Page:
Irene was the daughter of Marie and Pierre Curie. She carried on her parents' research into radioactivity, first helping to establish the use of x-rays to diagnose injuries on the battlefield in World War I. Irene began working at her mother's Radium Institute in 1921.
She married Frederic Joliot, a pupil of her mother's, in 1926. They both took the name Joliot-Curie. Together, the two physicists discovered artificial radioactivity. Their experiments found that certain elements became radioactive themselves after being exposed to radioactivity.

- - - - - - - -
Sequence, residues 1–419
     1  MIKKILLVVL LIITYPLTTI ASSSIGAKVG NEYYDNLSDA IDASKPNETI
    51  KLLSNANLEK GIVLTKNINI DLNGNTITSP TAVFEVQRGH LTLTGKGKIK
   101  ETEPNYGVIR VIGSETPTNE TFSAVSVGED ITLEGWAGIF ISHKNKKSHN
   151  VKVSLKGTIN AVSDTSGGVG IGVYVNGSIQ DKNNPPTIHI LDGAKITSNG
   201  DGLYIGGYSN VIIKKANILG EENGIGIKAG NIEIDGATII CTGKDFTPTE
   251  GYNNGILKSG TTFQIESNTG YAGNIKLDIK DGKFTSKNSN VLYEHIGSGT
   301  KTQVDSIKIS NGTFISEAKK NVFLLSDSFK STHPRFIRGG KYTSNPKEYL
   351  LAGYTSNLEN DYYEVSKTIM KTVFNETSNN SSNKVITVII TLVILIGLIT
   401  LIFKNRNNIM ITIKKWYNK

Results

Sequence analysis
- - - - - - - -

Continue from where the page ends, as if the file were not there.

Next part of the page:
Irene and Frederic were jointly awarded the Nobel Prize for Chemistry in 1935. Irene became a professor at the Sorbonne in Paris in 1937 and in 1946 was made director of the Radium Institute.
Links to other Websites: